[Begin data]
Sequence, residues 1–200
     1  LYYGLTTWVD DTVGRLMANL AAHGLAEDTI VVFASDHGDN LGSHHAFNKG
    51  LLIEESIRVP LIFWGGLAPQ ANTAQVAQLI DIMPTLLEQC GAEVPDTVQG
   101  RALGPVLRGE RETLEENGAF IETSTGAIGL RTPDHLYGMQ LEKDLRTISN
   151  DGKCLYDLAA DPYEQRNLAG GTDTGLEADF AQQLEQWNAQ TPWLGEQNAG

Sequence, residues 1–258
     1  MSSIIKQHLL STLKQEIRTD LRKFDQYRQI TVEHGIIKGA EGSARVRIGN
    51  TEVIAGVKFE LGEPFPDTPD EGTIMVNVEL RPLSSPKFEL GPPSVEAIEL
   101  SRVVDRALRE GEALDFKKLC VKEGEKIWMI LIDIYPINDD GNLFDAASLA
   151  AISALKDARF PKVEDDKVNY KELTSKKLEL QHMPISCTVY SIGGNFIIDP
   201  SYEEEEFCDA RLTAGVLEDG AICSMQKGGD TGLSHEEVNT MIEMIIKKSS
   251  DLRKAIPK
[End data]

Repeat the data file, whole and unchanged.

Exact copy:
Sequence, residues 1–200
     1  LYYGLTTWVD DTVGRLMANL AAHGLAEDTI VVFASDHGDN LGSHHAFNKG
    51  LLIEESIRVP LIFWGGLAPQ ANTAQVAQLI DIMPTLLEQC GAEVPDTVQG
   101  RALGPVLRGE RETLEENGAF IETSTGAIGL RTPDHLYGMQ LEKDLRTISN
   151  DGKCLYDLAA DPYEQRNLAG GTDTGLEADF AQQLEQWNAQ TPWLGEQNAG

Sequence, residues 1–258
     1  MSSIIKQHLL STLKQEIRTD LRKFDQYRQI TVEHGIIKGA EGSARVRIGN
    51  TEVIAGVKFE LGEPFPDTPD EGTIMVNVEL RPLSSPKFEL GPPSVEAIEL
   101  SRVVDRALRE GEALDFKKLC VKEGEKIWMI LIDIYPINDD GNLFDAASLA
   151  AISALKDARF PKVEDDKVNY KELTSKKLEL QHMPISCTVY SIGGNFIIDP
   201  SYEEEEFCDA RLTAGVLEDG AICSMQKGGD TGLSHEEVNT MIEMIIKKSS
   251  DLRKAIPK